FAMILIAL MEDITERRANEAN FEVER
F
blood. The condition shows an auto-
somal dominant pattern of inheritance
(see
genetic disorders
) .
Raised levels of cholesterol in the
blood lead to the early development of
atherosclerosis
(an accumulation of fatty
deposits on the inner walls of the arter-
ies),
coronary artery disease,
and other
vascular
diseases. Treatment, w hich must
continue long term, is with
lipid-lower-
ing drugs
,
including
statins
,
along with a
diet that is low in cholesterol and a
weight-reduction regime.
familial Mediterranean fever
An inherited condition that affects cer-
tain Sephardic Jewish, Armenian, and
Arab families. The
cause
of familial
Mediterranean fever is unknown. Symp-
toms usually begin between the ages of
five and 15 years, and include recurrent
episodes of fever, abdominal and chest
pain, and arthritis. Red skin swellings
sometimes occur, and affected people
may also suffer from psychiatric prob-
lems. Attacks usually last from 24 to 48
hours
but
may
be
longer.
Between
attacks there are usually no symptoms.
Although there is no specific treat-
ment for familial Mediterranean fever,
those known to suffer from the condi-
tion
can
reduce
the
incidence
of
attacks by taking
colchicine
,
a drug that
is usually used to treat gout. Death may
eventually occur from
amyloidosis
,
a
complication of the condition.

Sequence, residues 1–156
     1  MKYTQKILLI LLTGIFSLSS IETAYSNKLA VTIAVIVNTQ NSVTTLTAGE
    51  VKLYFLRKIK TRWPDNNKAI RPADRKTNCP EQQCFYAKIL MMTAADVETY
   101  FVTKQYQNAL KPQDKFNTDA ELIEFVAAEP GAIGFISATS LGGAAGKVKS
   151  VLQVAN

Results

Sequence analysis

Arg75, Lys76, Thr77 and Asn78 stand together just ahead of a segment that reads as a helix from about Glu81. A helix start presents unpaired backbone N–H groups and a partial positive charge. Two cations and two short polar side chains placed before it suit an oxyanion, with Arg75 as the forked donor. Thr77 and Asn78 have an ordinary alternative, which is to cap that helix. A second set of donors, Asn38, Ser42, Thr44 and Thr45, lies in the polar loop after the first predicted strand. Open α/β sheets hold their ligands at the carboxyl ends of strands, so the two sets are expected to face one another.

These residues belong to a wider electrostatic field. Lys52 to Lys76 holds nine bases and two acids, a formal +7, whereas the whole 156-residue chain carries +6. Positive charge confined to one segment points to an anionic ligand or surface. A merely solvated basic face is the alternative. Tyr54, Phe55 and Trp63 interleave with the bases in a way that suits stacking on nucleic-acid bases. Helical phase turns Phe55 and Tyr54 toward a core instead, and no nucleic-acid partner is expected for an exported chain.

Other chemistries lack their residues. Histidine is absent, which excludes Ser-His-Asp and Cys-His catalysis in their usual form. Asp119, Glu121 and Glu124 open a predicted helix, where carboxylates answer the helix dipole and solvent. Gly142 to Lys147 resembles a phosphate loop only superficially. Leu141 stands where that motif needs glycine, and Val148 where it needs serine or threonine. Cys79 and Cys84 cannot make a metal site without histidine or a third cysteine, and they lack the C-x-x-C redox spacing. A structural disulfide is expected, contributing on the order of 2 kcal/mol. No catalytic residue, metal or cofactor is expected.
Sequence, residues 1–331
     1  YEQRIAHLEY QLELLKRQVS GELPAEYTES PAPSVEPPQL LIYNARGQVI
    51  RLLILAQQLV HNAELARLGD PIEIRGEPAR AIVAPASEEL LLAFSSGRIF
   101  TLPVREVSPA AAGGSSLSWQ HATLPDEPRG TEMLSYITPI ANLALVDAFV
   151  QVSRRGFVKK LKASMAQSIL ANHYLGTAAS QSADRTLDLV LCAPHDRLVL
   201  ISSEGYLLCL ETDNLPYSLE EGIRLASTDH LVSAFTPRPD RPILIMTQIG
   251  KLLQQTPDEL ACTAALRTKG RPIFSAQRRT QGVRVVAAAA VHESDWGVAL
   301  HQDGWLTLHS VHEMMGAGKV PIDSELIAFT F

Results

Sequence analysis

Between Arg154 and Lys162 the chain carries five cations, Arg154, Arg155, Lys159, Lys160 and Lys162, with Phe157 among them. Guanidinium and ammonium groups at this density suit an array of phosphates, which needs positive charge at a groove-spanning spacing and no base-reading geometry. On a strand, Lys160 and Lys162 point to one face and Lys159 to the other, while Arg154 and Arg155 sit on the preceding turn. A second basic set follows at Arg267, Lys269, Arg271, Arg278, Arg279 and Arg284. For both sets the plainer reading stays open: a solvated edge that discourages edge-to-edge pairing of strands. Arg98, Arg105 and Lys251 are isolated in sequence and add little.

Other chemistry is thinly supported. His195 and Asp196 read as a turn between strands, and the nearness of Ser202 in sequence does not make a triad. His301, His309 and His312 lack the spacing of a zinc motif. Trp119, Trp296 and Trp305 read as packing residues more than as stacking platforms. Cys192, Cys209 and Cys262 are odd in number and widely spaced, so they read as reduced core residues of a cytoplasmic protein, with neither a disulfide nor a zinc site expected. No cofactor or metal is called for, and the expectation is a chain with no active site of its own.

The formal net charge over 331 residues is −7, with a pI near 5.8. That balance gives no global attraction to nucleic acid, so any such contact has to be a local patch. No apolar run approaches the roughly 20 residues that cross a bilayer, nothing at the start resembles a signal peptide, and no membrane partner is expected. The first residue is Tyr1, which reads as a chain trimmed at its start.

familial screening
Screening of a family in w hich one
member is affected by an inherited
disorder. Looking for evidence of in -
creased susceptibility to a disorder may
involve
testing
for
a
specific
gene
defect (as is the case for
cystic fibrosis
),
w hich w ill also help specialists deter-
mine the chances of family members
having an affected child.
Alternatively, tests may be carried
out to detect a risk factor for a disor-
der; for example, if a person has a
heart attack at an early age, his or her
relatives
may
be
tested
for
hyper-
lipidaemia
(high levels of fats in the
blood), a condition that increases the
risk of
coronary artery disease
.
In addition to being tested for a
particular disorder, the relatives of an
affected person may be offered regular
check-ups so that any abnormal signs
may be detected as early as possible
and the
necessary
treatment started
without any delay.
family planning
The deliberate limitation or spacing of
births. Strategies for family planning
include the different methods of
con-
traception
.
(See also
birth control
. )
family therapy
A form of
psychotherapy
,
designed to
help
someone
w ith
mental
health
problems, that is aimed at the whole
family rather than just the individual
sufferer. The therapist arranges regular
meetings w ith the family to encourage
discussion and understanding and to
find out what feelings lie behind the
way family members deal w ith each
other in everyday life. The main theory
behind family therapy is that im prov-
ing the functioning of the family unit
w ill benefit the individual’s health.
famotidine
An
H
2 receptor antagonist
drug that pro-
motes
healing
of
peptic ulcers
and
reduces inflammation of the oesopha-
gus (see
oesophagitis
) .
Famotidine acts
by suppressing production of stomach
acid. Side effects are uncommon, but